Patient #5 was a 46-year-old, CMV-positive male with blood type O who weighed 76 kg. The patient was diagnosed with B-cell Small Cell Lymphoma (SLL) in 2007 and achieved a CR1 after treatment with FCR. He relapsed with bulky multi-site extramedullary disease in 2010. The patient was transplanted in second complete remission (CR2) following treatment with Rituximab, cyclophosphamide, doxorubicin, vincristine, and prednisone (R-CHOP).
Patient #6 was a 37-year-old, CMV-positive female with blood type B who weighed 48 kg. The patient was diagnosed with T-cell acute lymphoblastic leukemia in 2011. Twenty-eight days post-induction, she had persistent lymphoblasts (8%). She achieved a CR1 after treatment with 6-MP and methotrexate. The patient went on protocol after failure to find an unrelated donor after 6 months.
Patient #7 was a 53-year-old, CMV-positive male with blood type B who weighed 143 kg. He was diagnosed in 2011 with Ph-positive CML. He was initially treated with imatinibmesylate and was then switched to dasatinib after developing resistance with cytogenetic relapse and transformation to CML myeloid blast crisis. He later developed resistance to dasatinib with presence of a T315I Abelson kinase domain mutation. The recipient also suffered from much comorbidity including ischemic heart disease, respiratory syncytial virus, and morbid obesity.
The selection of CBUs for pooling was restricted to those that were ABO blood group compatible with the matched CBU. Additionally, maternal-fetal ABO compatibility was maintained between the pooled CBUs to minimize potential interference by passively transferred maternal anti-A and anti-B IgG in the pool. The clinical-grade CBUs rejected by the public bank contained between 0.20 x 106 and 28.4 x 106 CD34+ cells. The weight of the recipients varied between 48 and 143 kg, requiring a pool of up to 45 cryopreserved CBUs to arrive at a prethaw cell dose of 1 x 106 CD34+ cells/kg recipient weights per protocol. The pooled cords contributed between 25 and 54% of the total CD34+ cells infused into the recipients. The percentage of each CBU within the pool ranged from 0.01% to a maximum of 8% of all CD34+ cells administered to the recipient.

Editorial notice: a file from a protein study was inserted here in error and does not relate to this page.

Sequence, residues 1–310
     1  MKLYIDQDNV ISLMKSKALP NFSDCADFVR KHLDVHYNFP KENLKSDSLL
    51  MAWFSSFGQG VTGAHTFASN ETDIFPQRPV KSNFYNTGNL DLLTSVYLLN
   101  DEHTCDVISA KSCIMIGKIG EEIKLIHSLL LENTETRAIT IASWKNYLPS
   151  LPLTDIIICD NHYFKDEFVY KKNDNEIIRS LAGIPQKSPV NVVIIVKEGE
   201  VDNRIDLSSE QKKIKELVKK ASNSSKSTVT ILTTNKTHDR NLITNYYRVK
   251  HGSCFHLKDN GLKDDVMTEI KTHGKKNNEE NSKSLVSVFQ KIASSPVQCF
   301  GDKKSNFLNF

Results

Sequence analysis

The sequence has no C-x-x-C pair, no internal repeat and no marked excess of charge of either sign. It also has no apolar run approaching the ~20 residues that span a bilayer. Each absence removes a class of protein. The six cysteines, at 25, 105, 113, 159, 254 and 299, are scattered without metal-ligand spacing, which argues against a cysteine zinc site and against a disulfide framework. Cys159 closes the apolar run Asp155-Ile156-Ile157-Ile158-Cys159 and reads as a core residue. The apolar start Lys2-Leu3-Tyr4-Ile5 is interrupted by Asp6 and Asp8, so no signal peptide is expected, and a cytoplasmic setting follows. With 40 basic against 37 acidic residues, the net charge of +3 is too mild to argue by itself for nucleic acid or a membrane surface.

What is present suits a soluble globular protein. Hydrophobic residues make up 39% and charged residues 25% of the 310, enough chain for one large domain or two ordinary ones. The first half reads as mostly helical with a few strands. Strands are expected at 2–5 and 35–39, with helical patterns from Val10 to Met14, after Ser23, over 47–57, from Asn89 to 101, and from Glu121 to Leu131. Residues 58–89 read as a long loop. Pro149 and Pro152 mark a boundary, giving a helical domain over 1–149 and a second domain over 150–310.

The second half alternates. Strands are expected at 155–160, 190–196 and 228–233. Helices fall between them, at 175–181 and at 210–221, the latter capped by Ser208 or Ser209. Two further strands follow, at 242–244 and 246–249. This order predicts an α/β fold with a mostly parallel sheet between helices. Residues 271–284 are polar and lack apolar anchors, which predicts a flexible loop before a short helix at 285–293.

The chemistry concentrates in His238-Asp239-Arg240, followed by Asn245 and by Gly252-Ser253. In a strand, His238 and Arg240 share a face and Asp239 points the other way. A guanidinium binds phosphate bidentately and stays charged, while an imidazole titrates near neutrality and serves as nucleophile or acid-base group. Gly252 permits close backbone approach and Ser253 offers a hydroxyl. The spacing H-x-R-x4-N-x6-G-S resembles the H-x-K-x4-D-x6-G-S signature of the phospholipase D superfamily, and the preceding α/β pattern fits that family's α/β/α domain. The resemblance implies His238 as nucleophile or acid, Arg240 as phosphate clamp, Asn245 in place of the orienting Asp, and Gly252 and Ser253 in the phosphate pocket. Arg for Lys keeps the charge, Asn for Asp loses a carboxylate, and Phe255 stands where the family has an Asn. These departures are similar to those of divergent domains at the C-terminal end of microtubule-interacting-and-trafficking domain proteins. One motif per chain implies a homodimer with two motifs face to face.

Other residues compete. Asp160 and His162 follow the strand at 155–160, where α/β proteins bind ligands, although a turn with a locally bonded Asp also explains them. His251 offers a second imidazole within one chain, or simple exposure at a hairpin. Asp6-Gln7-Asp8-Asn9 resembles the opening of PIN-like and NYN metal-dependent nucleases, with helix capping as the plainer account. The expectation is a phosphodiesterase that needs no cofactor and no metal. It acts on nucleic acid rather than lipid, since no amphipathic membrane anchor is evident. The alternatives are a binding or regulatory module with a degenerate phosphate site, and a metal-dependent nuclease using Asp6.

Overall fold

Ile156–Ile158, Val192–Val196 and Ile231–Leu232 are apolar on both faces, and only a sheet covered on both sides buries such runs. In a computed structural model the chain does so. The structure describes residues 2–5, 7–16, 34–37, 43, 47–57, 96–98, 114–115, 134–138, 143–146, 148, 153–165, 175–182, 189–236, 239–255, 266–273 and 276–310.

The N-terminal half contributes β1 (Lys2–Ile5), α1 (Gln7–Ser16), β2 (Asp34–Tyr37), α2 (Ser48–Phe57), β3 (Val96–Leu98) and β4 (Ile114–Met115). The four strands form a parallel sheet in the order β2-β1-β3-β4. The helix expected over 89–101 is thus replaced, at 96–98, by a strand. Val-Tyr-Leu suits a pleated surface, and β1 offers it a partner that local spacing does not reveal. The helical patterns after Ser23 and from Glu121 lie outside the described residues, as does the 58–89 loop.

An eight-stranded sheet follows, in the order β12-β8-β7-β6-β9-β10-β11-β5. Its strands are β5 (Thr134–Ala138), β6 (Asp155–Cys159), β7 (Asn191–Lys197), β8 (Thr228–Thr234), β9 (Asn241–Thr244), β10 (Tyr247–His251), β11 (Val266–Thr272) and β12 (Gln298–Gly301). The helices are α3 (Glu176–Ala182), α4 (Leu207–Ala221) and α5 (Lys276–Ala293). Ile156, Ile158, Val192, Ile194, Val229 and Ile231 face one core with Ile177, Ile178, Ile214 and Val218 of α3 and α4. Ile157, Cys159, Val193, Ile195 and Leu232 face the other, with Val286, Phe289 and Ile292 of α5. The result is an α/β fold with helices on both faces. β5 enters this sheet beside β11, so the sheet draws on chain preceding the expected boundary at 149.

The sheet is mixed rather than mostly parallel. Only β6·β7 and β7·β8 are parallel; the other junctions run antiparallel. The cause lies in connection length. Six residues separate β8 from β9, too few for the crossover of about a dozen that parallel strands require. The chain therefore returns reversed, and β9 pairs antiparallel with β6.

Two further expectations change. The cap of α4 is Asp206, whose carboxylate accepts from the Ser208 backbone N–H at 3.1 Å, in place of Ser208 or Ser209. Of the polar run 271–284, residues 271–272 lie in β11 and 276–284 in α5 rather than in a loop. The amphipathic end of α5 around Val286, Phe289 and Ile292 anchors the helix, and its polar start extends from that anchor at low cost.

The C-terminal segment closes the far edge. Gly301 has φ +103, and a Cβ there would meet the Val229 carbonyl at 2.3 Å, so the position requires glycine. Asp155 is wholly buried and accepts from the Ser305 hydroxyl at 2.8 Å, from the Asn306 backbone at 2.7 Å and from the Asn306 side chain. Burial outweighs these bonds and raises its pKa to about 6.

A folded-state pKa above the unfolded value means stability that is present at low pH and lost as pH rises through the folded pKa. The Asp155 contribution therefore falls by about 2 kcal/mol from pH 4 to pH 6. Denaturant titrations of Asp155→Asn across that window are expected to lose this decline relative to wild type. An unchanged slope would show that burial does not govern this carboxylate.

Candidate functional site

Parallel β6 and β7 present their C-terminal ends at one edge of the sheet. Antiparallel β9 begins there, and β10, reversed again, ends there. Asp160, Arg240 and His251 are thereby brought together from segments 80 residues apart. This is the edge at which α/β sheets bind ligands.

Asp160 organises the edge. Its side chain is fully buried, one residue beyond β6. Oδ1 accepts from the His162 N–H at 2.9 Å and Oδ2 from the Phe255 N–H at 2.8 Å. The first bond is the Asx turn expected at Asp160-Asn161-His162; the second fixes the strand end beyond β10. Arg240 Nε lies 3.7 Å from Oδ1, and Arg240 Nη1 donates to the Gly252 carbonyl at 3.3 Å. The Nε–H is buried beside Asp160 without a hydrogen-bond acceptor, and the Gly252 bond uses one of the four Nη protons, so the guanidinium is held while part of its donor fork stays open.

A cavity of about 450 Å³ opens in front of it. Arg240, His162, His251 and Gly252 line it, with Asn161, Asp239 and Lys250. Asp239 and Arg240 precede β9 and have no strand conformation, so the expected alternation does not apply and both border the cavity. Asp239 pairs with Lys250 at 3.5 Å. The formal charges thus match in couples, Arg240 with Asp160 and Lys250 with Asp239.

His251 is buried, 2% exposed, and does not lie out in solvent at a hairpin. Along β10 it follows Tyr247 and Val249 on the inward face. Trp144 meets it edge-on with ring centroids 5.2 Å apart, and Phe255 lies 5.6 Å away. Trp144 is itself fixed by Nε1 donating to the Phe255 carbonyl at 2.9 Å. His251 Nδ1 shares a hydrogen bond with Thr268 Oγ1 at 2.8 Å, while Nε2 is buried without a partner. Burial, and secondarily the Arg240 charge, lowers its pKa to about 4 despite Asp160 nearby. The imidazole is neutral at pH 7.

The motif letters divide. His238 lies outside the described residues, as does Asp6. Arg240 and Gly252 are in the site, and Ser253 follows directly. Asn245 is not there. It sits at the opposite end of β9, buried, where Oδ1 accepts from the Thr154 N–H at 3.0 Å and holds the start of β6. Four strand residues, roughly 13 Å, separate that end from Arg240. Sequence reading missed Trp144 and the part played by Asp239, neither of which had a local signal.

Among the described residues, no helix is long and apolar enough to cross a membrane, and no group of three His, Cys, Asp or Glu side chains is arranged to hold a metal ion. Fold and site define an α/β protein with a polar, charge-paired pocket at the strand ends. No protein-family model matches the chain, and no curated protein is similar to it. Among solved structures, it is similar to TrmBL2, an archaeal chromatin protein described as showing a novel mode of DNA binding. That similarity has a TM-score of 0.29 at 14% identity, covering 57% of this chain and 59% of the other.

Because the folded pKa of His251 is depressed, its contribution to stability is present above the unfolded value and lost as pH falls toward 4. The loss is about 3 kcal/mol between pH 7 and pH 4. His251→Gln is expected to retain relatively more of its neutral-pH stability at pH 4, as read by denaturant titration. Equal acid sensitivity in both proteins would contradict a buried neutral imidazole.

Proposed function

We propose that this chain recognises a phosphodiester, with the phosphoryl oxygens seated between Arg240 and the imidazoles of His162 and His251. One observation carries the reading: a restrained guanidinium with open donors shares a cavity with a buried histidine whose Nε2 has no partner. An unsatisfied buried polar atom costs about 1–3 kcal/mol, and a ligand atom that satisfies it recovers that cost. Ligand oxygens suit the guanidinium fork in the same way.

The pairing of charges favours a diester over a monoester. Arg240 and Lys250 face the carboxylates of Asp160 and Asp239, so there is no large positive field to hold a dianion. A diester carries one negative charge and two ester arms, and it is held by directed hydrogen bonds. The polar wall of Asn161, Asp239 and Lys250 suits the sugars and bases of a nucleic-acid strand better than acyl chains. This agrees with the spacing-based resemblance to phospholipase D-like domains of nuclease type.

Day of transplantation
The seven recipients of this pilot study were 30-57 years of age with a median weight of 76 (48-143) kg. Four recipients were ABO blood type-incompatible with their transplanted ≥ 4/6 HLA-matched CBU. Two patients had a single HLA class I A locus mismatch, four had both an HLA class I A and B locus mismatch, and only one patient had an HLA class II DR mismatch. On the day of transplantation the matched CBUs were infused first, followed by the pooled CBUs within an average of 66.6 minutes. Up to 45 CBUs of different volumes and different TNC and CD34+ counts were pooled to create the “third party unit”, containing ≥ 1 x 106 CD34+ cells/kg of recipient weight before thawing. As shown in Table 1, the average number of CD34+ cells contained in the matched CBU was 1.2 x 105/kg, and the “third party unit” derived from the pooled CBUs contained a mean of 2.5 x 105/kg for a total of 3.7 x 105 CD34+ cells/kg.
Engraftment and chimerism